Glandular trichomes evolved three times independently in the genus. In two cases, these glandular trichomes are oil-secreting, suggesting that the corresponding flowers might be pollinated by oil-bees. Biogeographical patterns indicate expansions from Central America and the northern Andes to the subandean ranges between Chile and Argentina and to the extended area of the Paraná river basin. The distribution of oil-flower species across the phylogenetic trees suggests that oil-producing trichomes may have played a key role in the diversification of the genus, a hypothesis that requires future testing.
Saccharum s.l. is polyphyletic and Tripidium should be recognized as a distinct genus. However, no strong evidence was found to support the segregation of Erianthus. The taxonomic circumscription of the South American species of the genus was resolved and the occurrence of natural hybrids was documented. Better understanding of the phylogenetic relationships of Saccharum and relatives may be useful for sugarcane breeders to identify potential taxa for interspecific and intergeneric crosses in the genetic improvement of sugarcane.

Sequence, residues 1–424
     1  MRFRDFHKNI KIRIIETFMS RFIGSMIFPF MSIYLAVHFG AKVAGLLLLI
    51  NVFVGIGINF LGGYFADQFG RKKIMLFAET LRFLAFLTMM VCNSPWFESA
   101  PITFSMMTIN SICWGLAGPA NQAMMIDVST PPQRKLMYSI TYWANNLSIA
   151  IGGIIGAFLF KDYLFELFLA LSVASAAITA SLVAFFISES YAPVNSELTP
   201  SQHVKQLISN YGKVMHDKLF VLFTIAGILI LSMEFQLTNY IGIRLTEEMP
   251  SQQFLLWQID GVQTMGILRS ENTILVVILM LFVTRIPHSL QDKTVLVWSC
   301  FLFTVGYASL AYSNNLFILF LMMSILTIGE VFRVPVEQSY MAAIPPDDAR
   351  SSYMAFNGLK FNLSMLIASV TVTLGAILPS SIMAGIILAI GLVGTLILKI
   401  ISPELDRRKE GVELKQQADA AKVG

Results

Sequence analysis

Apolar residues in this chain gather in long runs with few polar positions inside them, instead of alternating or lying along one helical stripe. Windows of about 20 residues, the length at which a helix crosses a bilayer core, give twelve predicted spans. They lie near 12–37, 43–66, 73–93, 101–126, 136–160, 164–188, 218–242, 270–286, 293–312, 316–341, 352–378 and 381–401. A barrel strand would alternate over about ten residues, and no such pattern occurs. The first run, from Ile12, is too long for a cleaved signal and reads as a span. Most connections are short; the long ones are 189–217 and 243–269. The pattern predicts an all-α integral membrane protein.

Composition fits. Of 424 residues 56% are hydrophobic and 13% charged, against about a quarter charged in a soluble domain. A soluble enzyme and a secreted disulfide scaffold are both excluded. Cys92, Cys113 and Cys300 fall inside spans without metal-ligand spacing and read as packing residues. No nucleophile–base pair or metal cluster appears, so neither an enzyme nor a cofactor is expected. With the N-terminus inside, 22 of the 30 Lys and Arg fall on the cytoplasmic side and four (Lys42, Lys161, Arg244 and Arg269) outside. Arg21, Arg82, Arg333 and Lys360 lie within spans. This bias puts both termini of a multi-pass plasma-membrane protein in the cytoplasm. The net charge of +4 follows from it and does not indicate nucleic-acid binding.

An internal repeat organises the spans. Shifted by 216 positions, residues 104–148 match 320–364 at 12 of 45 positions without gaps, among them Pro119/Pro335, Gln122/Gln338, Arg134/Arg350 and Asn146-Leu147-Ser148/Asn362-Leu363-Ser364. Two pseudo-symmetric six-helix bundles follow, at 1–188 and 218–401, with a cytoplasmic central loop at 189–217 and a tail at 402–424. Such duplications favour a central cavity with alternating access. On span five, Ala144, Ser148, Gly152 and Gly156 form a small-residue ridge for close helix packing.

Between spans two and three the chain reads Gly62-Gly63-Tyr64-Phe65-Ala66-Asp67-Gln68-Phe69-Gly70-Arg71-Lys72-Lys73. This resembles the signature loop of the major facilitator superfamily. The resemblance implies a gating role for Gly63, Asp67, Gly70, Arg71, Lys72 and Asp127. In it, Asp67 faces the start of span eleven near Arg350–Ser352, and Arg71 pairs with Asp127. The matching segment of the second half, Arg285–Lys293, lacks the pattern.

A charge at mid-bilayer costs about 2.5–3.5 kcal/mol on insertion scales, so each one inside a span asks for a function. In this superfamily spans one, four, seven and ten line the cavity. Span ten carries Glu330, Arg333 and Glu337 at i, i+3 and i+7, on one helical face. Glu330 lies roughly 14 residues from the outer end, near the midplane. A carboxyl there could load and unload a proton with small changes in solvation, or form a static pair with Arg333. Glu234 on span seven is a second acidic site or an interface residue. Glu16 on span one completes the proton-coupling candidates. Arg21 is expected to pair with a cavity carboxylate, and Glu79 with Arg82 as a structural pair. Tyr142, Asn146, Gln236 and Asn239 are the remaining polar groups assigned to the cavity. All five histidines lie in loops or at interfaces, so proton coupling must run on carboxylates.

Floral glandular structures and especially trichomal elaiophores evolved multiple times independently in the American tribes of Iridoideae. The distribution pattern of species displaying glandular trichomes across the phylogeny reveals lability in the pollination system and suggests that these structures may have played a significant role in the diversification of the Iridoideae on the American continent.